In a December 23, 2009 decision, U.S. District Court Judge Paul Friedman said that the BLM’s plans to stockpile these horses in Midwestern holding facilities is likely illegal, and consequently suggested that BLM postpone the Calico gather. That ruling, combined with the National Environmental Policy Act (NEPA) violations cited in IDA’s complaints to the White House Council on Environmental Quality and the Interior Department, should warrant President Obama’s intervention to stop this roundup immediately, IDA said.
Judge Friedman’s decision was made in response to a federal lawsuit filed by IDA, ecologist Craig Downer and noted children’s writer Terri Farley to halt the roundup, which involves a helicopter stampede and capture of 2,700 horses in the more than 500,000-acre Calico Mountains Complex in northwestern Nevada. The horses will be traumatized, terrorized, and many will be injured and/or killed. Foals and their mothers will be separated and horse family bands will be shattered forever
In a 2008 report, the U.S. Government Accountability Office (GAO) found that the BLM was not transparent with the public about how horses are treated under its Wild Horse and Burro management program.
“For America’s wild horses, President Obama’s promise of change rings hollow,” said IDA president Elliot M. Katz, DVM. “His administration has continued the same secretive and destructive Bush Administration war on the wild horses of the American West.”
IDA said that wild horses are removed for the benefit of private livestock owners and other extractive users of public lands. Despite a Congressional mandate to protect wild horses in the Calico Complex, the BLM has in recent times increased the number of cattle to run on the same public lands where they are removing wild horses. The BLM ignores its federal mandate to remove livestock from federal wild horse management areas “if necessary to provide habitat for wild horses or burros, to implement herd management actions, or to protect wild horses or burros from disease, harassment or injury” (43 CFR § 4710.5).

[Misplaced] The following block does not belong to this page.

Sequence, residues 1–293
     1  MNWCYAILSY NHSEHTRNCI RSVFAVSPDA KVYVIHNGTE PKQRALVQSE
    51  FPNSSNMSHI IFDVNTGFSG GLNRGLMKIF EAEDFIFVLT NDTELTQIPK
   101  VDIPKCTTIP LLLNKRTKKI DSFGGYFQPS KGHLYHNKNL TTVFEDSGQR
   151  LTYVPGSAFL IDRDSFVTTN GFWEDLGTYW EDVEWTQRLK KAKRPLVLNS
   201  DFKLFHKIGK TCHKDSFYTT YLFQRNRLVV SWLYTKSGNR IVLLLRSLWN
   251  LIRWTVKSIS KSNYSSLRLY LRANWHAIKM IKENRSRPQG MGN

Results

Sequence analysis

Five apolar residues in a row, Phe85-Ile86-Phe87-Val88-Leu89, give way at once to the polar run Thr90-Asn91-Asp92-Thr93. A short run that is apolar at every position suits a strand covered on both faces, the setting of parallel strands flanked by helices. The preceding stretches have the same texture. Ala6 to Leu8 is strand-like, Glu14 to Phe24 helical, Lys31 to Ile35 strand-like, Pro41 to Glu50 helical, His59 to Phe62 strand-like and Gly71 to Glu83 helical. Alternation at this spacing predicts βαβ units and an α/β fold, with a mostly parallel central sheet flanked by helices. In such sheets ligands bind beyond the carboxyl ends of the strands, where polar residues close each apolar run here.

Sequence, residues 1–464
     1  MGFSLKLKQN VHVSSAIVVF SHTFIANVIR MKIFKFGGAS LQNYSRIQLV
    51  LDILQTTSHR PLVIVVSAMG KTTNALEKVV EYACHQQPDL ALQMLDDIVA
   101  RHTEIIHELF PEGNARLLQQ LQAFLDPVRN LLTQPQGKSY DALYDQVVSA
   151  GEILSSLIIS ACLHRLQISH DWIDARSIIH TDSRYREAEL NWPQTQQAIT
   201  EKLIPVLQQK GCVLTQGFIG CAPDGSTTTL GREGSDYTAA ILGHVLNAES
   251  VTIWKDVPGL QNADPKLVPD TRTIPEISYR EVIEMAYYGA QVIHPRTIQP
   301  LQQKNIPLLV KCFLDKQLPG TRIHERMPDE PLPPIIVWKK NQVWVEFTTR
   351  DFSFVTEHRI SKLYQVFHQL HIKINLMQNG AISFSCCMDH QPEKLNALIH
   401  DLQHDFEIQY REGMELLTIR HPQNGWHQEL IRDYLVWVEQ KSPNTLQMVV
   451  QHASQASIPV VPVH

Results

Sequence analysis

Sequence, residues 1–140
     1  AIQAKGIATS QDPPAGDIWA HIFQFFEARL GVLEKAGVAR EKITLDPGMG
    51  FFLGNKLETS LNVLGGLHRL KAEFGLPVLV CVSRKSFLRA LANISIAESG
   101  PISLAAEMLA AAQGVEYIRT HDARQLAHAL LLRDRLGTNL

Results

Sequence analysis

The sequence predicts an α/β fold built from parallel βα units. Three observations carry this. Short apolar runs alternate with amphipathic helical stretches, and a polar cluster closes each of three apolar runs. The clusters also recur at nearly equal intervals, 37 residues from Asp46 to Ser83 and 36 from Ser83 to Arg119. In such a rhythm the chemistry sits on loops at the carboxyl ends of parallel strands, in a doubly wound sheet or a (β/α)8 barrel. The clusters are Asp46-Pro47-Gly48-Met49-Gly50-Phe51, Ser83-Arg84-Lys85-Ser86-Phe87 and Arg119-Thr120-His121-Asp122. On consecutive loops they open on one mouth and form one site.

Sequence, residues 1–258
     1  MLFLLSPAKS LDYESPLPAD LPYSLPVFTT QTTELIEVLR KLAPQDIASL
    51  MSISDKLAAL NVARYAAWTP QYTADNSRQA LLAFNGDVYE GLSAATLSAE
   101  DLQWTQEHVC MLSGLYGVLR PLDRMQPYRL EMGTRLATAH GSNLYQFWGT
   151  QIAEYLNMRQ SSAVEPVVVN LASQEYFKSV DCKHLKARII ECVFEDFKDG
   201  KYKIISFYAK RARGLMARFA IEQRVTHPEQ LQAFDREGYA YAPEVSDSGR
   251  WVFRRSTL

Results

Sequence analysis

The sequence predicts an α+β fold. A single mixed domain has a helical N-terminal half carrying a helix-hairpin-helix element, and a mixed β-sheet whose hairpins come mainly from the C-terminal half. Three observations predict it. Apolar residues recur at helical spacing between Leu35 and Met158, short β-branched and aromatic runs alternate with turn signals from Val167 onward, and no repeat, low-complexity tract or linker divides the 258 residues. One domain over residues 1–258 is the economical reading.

If the Administration continues its current course, it will capture and remove nearly 12,000 wild horses a year from their native Western homes for the next three years, after which time the number of horses in Midwestern holding facilities will number more than 50,000 and far exceed those left on the range.
Suzanne Roy, Program Director, In Defense of Animals
Eric Kleiman, Research Director, In Defense of Animals
In Defense of Animals is an international animal protection organization located in San Rafael, Calif. dedicated to protecting animals’ rights, welfare, and habitat through education, outreach, and our hands-on rescue facilities in Mumbai, India, Cameroon, Africa, and rural Mississippi.
IN DEFENSE OF ANIMALS · 3010 KERNER BLVD. · SAN RAFAEL, CA 94901 · 415-448-0048
Thistle seed, also known as nyjer, is a great way to attract more species of wild birds to your yard. Best know for feeding finches, other species enjoy this versatile seed as well. Shown above, Indigo Buntings are perched at this feeder. Guess they don’t mind that it’s really meant for finches? Juncos and Towhees can also be seen at finch bird feeders, as well as Pine Siskins. By adding finely chopped sunflower hearts or meats, you’ll attract these species easily if they are native to your geographic area.
The other great thing with finch bird feeders, is that thistle seed will not germinate. No messy weeds to sprout below feeders in the garden or yard. Thistle is coveted for its high fat and protein content, and is eaten almost exclusively by Goldfinches. They will perch at the feeder, eating seed after seed then carry off their prize to the nestlings. The babies eat the exact same diet as their adult parents, so these feeders make for an excellent birder’s observation.
As always, a fresh water source will draw more birds into your yard than feeders alone, so be sure to have some type of bird bath available year-round. And remember, Goldfinches aren’t yellow all year, so don’t think they’re not around. Winter weather brings a dull brownish-green plumage, as it is the warmer months of spring and summer that show the vibrant yellow plumage.